The Flawed Forgiveness Question


Then Peter came and said to Him, “Lord, how often shall my brother sin against me and I forgive him? Up to seven times?”  

Jesus said to him, “I do not say to you, up to seven times, but up to seventy times seven.

~ Matthew 18.21-22, NKJV

Can’t you just see the apostles doing the math? (Obviously they didn’t have this conversation, but humor me…)

“Seventy times seven? Um…Sheesh, I always hated numbers.”

“Hey Matthew, you’re good with numbers, what’s 70 x 7?”

“Easy. 490.”

“Are you sure?”

“Yeah, man.”

“Matthew, I think you messed up.”

“Trust me. It’s 490.”

“How on earth are we supposed to keep track of someone sinning against us 490 times?!?! That’s intense!”

Keeping track?

Peter’s question to Jesus possessed a flawed implication. His idea of forgiveness was one in which a person acknowledges the wrong, offers pardon, and keeps a record of the incident for future reference. It’s akin to the idiom, “Fool me once, shame on you. Fool me twice, shame on me.” Like many of his fellow Jews, Peter thought forgiveness should have a limit.

As usual, Jesus turned the conversation right-side up with a well-chosen hyperbole: “I do not say to you, up to seven times, but up to seventy times seven.” While some translations put the number at seventy seven, Jesus’ point remains. Quantity is irrelevant in the matter of forgiveness.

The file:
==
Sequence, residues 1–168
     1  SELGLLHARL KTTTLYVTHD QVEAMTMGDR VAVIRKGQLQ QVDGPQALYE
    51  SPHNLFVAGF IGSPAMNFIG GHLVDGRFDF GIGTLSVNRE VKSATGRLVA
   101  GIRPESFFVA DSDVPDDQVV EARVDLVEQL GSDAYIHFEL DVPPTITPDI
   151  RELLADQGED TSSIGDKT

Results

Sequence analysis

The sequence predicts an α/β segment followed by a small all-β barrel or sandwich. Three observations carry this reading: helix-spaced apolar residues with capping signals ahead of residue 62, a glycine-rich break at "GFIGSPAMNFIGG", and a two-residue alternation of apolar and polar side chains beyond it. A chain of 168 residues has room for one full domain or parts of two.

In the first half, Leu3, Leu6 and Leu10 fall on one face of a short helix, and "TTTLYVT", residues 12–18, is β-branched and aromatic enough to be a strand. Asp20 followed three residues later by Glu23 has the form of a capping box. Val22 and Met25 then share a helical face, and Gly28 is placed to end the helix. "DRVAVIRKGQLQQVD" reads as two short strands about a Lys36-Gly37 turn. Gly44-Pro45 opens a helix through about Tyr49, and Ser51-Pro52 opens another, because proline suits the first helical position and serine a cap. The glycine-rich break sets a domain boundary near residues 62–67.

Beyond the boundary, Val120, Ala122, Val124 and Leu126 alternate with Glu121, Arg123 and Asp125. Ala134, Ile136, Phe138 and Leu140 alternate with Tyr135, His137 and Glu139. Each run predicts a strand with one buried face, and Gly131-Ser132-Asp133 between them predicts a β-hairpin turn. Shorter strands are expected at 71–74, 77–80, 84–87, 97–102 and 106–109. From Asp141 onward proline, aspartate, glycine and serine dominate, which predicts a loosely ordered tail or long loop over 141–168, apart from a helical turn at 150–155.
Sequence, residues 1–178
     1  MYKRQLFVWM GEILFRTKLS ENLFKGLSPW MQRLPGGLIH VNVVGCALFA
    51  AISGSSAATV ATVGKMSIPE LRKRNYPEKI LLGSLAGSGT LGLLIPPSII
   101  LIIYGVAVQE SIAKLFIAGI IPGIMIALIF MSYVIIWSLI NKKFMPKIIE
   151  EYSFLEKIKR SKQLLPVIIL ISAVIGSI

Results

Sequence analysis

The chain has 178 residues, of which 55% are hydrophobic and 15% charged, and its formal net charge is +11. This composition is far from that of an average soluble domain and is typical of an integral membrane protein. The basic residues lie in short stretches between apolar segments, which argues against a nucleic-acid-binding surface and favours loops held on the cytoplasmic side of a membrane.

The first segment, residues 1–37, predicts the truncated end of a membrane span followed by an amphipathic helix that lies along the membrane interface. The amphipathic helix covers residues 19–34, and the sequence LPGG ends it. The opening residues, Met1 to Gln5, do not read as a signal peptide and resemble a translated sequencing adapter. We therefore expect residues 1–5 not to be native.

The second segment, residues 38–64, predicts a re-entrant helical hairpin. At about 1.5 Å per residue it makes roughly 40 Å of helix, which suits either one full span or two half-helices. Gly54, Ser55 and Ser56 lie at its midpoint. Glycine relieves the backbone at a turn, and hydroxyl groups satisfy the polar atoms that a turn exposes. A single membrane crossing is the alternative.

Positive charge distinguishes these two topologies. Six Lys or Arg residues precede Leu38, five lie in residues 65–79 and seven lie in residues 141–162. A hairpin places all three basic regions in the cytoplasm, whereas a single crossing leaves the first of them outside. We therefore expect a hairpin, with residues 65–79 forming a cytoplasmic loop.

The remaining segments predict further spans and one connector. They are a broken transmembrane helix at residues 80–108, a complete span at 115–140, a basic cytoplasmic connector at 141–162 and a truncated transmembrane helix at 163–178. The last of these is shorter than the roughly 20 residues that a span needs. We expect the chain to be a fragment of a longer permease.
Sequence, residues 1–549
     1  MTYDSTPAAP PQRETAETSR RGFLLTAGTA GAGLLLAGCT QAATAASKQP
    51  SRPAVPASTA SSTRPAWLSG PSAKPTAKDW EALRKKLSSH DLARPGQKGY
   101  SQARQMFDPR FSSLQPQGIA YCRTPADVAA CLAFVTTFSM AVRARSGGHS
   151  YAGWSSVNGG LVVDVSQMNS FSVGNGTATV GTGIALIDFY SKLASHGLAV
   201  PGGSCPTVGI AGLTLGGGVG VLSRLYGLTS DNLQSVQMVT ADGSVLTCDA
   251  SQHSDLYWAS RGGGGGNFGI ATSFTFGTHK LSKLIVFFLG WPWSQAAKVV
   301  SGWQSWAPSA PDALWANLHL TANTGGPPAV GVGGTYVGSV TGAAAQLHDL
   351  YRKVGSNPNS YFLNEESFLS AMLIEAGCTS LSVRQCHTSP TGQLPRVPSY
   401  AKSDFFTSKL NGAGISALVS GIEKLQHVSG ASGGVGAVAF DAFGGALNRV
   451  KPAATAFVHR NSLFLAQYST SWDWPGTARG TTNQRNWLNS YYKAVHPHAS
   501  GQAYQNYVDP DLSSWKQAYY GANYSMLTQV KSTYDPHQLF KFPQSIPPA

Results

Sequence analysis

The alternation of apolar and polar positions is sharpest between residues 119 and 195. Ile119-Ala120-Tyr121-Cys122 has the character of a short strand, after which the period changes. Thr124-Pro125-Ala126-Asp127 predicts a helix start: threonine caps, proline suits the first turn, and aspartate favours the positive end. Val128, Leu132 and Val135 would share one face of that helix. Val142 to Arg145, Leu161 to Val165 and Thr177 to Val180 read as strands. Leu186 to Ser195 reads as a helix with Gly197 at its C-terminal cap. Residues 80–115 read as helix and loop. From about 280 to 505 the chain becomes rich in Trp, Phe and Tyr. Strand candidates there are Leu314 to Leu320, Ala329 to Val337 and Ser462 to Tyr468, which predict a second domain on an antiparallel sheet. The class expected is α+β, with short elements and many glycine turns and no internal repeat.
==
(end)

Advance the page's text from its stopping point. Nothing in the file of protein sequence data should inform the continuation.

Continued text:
Regardless of the frequency or severity of transgressions against us, we are commanded to forgive without bounds.

Love vs. Record-keeping

I did a translation comparison of 1 Corinthians 13.4-7 (click the link or see below). Only two of the four versions I compared—the NASB and NIV—mention keeping a record or account of wrongs. (You can do side-by-side comparisons like this one at


I like looking at all four versions, because each version provides a different angle to the problem. I highlighted them in the above picture, and listed them here:

  • does not take into account a wrong suffered
  • is not irritable or resentful (don’t we do that when we “keep track”?)
  • is not provoked, thinks no evil
  • it keeps no record of wrongs (no bookkeeping allowed here!)

Resentment is evil thinking. Keeping track of how often someone has wounded you means your forgiveness was nothing but mere lip service.

Married folks, we would do well to pray over this passage daily. Nobody has more opportunities to wound you as deeply and frequently as your own spouse (often unintentionally). Guard against maintaining a mental checkbook of wrongs suffered versus kindness done. Love is patient, bearing all things and enduring all things. True love truly forgives.

Gaining Perspective.